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Katherine Shonfield

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February. Hangover time at best. And now it is post-millennium hangover time. Getting blind drunk means shutting your eyes. In our February morning after, the very nastiest hangovers from the last century - Nazism in Austria and denial of the Holocaust - won't go away. But the grey light of late winter reveals an entirely other residue from the past, equally solid and present.

One of the most immovable legacies of the twentieth century is our sense that 'science' cannot be controlled, that we are the victims of it. Architecture rode with this idea for a long time and tried to make the best of it. We called it functionalism.

The hospital, of all our public spaces, is where you would expect the demands of science to reign supreme, the place you would expect to have been most dictated to by its inexorable dehumanising rule.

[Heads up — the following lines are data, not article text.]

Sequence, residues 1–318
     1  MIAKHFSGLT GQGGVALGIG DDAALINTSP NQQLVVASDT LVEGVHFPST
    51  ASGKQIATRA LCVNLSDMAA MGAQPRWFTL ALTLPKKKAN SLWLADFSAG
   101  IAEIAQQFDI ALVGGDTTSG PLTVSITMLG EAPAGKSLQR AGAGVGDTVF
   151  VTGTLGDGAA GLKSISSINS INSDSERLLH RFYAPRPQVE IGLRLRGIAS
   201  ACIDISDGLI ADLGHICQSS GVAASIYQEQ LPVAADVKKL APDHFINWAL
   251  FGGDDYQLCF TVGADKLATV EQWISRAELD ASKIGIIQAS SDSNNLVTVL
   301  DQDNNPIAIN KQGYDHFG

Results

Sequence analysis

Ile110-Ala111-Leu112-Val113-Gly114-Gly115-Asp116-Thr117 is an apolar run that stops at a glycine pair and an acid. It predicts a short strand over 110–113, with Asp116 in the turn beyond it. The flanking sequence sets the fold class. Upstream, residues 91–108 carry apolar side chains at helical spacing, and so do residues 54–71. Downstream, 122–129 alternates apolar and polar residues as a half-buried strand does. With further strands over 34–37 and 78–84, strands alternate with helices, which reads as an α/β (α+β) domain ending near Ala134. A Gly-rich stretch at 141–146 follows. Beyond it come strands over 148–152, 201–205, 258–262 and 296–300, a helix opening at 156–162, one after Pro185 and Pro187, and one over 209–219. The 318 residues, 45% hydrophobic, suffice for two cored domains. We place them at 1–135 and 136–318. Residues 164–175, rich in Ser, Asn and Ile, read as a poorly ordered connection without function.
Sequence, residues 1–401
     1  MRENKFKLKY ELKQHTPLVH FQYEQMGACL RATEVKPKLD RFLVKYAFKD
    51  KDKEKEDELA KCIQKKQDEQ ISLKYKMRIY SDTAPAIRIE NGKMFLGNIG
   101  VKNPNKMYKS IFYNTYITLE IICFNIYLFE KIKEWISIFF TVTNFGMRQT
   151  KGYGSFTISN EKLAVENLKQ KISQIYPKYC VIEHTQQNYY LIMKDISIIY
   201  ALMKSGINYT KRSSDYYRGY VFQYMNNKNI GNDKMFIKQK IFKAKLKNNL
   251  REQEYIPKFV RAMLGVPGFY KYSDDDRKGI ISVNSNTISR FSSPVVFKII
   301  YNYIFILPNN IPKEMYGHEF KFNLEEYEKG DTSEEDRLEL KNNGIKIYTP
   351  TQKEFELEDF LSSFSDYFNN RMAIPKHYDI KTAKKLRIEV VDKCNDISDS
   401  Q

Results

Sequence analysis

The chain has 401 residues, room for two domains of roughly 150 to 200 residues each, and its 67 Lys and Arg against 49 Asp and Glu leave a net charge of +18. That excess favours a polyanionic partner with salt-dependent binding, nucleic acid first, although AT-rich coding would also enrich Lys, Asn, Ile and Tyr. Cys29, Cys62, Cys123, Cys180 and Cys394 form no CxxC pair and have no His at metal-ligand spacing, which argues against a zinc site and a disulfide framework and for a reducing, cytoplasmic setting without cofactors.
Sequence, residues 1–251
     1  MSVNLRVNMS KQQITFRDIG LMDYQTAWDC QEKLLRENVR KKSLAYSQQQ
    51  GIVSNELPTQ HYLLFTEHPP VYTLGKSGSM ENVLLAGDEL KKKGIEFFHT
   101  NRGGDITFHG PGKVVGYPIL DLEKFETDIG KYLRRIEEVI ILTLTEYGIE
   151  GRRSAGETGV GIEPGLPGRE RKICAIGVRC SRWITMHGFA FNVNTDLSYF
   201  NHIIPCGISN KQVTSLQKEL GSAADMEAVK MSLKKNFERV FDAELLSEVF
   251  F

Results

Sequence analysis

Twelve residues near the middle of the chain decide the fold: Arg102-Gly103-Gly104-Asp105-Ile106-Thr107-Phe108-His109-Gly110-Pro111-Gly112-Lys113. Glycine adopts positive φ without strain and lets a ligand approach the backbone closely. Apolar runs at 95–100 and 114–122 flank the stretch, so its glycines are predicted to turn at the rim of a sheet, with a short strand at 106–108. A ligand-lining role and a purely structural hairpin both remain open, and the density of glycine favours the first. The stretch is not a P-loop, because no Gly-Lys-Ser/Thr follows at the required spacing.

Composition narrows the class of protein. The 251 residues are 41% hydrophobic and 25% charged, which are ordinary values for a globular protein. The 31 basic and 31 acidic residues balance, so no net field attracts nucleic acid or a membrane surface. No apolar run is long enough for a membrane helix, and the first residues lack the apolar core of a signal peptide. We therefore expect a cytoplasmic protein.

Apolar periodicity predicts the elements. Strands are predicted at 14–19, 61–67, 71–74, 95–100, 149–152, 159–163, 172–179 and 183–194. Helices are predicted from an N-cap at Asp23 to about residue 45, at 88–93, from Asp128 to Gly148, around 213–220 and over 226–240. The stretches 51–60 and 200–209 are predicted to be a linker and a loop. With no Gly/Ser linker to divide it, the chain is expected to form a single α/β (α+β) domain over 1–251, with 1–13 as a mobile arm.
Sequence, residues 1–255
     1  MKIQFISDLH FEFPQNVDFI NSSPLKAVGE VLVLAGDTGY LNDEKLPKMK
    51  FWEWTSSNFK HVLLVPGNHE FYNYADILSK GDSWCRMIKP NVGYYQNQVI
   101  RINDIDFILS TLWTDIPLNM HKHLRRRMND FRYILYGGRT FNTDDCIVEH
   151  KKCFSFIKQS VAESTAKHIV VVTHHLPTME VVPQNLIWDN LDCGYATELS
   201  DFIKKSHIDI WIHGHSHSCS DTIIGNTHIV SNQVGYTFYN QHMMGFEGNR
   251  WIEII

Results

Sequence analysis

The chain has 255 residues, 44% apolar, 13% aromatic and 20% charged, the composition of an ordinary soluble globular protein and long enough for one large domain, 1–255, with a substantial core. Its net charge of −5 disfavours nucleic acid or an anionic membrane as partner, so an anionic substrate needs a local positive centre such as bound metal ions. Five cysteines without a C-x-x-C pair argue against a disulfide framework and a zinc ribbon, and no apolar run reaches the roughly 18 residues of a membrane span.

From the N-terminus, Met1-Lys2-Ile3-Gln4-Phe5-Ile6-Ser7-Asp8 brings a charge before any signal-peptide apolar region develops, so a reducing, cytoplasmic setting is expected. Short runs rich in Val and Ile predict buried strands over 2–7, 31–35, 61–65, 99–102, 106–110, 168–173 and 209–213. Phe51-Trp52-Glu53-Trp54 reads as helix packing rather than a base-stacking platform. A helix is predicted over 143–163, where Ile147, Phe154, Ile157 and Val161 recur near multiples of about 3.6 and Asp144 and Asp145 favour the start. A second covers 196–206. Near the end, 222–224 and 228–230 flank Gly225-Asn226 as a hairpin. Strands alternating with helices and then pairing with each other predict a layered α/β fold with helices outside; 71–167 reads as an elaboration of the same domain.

But consider this:

Twenty-five years ago, visits were allowed from two until four in the afternoon. Now you can turn up 24 hours a day.

Twenty-five years ago, there was a back door. Now there is an atrium full of paintings and sculpture, a place of life and light.

Twenty-five years ago, you passed on. Now you die.

Twenty-five years ago, there was a ward with curtains and a trolley waiting for the mortuary. Now there is a room with flowers, and a chapel.

Twenty-five years ago, there was a corridor and abandonment. Now there is a room to gather, a pay phone, and a nurse who brings you tea, sandwiches and understanding.

Twenty five years ago, there were frightening lies. And now there is humane truth.

To experience a good National Health hospital now, in February 2000, is to learn that we can control our destiny, we are not victims, and we can and will determine our future to the demands of our humanity before all else.

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